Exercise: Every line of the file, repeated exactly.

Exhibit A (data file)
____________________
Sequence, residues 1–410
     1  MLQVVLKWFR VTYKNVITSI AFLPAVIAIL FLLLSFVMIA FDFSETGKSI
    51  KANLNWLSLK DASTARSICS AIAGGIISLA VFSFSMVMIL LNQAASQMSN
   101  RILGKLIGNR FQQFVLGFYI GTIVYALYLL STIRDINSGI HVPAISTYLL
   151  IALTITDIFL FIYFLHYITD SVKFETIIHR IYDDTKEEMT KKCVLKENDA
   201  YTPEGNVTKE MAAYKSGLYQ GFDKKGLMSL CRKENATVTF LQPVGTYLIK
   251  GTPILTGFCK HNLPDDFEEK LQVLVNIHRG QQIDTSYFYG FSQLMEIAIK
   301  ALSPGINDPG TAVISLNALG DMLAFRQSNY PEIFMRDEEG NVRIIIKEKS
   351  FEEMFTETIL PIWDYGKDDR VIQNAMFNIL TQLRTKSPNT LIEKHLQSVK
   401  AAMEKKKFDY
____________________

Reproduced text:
Sequence, residues 1–410
     1  MLQVVLKWFR VTYKNVITSI AFLPAVIAIL FLLLSFVMIA FDFSETGKSI
    51  KANLNWLSLK DASTARSICS AIAGGIISLA VFSFSMVMIL LNQAASQMSN
   101  RILGKLIGNR FQQFVLGFYI GTIVYALYLL STIRDINSGI HVPAISTYLL
   151  IALTITDIFL FIYFLHYITD SVKFETIIHR IYDDTKEEMT KKCVLKENDA
   201  YTPEGNVTKE MAAYKSGLYQ GFDKKGLMSL CRKENATVTF LQPVGTYLIK
   251  GTPILTGFCK HNLPDDFEEK LQVLVNIHRG QQIDTSYFYG FSQLMEIAIK
   301  ALSPGINDPG TAVISLNALG DMLAFRQSNY PEIFMRDEEG NVRIIIKEKS
   351  FEEMFTETIL PIWDYGKDDR VIQNAMFNIL TQLRTKSPNT LIEKHLQSVK
   401  AAMEKKKFDY